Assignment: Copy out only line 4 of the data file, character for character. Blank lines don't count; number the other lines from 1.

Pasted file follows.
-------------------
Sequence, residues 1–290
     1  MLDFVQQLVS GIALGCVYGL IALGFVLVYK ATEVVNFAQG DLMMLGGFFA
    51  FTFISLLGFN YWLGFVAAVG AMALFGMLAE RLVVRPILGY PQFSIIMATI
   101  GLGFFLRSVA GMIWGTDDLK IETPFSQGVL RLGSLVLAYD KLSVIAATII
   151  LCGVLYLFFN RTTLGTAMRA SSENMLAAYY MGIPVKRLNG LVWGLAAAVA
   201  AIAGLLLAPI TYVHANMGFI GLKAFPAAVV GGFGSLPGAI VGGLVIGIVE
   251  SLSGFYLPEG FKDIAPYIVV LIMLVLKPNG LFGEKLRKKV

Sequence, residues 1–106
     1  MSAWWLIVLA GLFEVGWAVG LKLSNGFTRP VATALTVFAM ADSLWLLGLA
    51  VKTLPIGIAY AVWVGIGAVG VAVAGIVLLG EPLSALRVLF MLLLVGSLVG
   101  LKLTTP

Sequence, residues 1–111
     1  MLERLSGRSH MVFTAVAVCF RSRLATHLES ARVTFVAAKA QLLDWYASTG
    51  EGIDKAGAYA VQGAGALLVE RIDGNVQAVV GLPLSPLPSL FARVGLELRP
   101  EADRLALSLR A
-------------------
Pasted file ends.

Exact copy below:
   101  GLGFFLRSVA GMIWGTDDLK IETPFSQGVL RLGSLVLAYD KLSVIAATII